Making tax digital – nothing to worry about

Readers will be relieved to note that their professional advisors and other interested organisations, have recently lobbied HMRC to temper their agenda for making tax digital (MTD).

In case you have not heard of MTD, HMRC intend to require businesses with income over a de minimis limit (presently set at £10,000), to upload summary accounting data on a quarterly basis from April 2018. The idea is to abolish the annual tax return and “push” all of the information that is required to work out our tax liability to our MTD account with HMRC.

This will involve all affected businesses (including those that let property) to keep their accounting records electronically, and more particularly, in a form that will allow data to be uploaded to HMRC.

Advisors have lobbied for an increase in the £10,000 limit, and a rethink on the quarterly upload of data.

The potential for lumbering small businesses and landlords with yet more red tape is one concern, as is the virtual enforcement of digitising accounting records – many clients prefer to use spreadsheets or manual record keeping.

A HMRC spokesperson, Jim Harra, published the following rebuttal in the Financial Times on 10 November:

HM Revenue & Customs will not be asking anyone to file accounts five times a year, nor will we be introducing in-year quarterly payments. Businesses will simply send in-year updates to HMRC using information collated automatically by the same software used to record day-to-day transactions. This will help businesses pay the right amount of tax, taking away the need to put things right at a later date.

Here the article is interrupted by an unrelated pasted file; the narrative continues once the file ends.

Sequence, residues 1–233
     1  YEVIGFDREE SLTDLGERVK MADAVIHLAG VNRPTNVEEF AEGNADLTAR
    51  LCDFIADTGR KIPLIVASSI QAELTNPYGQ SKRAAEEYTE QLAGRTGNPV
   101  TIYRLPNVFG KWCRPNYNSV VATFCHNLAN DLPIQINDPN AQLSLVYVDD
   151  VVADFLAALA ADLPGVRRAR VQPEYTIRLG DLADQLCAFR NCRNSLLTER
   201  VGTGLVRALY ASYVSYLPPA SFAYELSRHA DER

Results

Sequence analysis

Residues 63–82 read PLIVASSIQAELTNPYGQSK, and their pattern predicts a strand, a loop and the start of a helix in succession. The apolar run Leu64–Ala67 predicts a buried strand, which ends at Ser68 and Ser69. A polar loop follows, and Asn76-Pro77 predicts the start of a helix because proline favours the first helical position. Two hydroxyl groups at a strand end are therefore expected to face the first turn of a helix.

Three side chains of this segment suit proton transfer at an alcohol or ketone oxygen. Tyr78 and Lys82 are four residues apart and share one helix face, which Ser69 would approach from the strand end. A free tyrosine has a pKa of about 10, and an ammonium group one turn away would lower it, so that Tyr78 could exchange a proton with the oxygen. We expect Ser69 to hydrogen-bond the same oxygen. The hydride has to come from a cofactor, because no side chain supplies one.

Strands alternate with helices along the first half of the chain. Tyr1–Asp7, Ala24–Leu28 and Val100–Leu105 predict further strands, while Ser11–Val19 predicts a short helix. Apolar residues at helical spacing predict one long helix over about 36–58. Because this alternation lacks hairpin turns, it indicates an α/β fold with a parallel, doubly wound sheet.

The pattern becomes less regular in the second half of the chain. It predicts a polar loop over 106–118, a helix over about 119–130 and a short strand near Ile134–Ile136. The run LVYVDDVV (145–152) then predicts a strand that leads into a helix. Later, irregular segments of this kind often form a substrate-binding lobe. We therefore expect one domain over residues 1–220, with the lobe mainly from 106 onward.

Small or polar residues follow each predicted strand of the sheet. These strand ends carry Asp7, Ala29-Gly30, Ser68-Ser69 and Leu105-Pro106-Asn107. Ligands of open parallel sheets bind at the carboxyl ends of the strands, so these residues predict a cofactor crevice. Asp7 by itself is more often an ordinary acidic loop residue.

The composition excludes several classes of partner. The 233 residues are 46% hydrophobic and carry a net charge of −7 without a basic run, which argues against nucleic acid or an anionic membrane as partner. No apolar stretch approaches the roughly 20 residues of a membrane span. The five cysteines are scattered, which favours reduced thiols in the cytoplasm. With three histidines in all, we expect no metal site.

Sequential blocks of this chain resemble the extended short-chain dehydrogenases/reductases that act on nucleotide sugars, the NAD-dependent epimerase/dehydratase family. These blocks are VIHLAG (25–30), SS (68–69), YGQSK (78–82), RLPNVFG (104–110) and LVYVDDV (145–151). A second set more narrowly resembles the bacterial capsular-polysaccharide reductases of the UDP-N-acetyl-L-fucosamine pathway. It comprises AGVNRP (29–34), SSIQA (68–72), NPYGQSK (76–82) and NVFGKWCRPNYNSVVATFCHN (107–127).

Businesses already keeping their records digitally should see no additional costs at all. Free software will be there for businesses with the most straightforward affairs, and we are looking at additional assistance with transitional costs.

We fully recognise that this is a significant change for some businesses, which is why we’re introducing it gradually as well as exempting some of our smallest businesses, but at the heart of digital transformation is a simpler, more efficient tax system that frees business people from red tape and form-filling.

Based on past experiences of HMRC’s digitalisation of systems, there may well be delays in the implementation of MTD, but HMRC do seem to be resolute in their intention to scrap the annual tax return and have us upload data in order to quantify annual tax liabilities.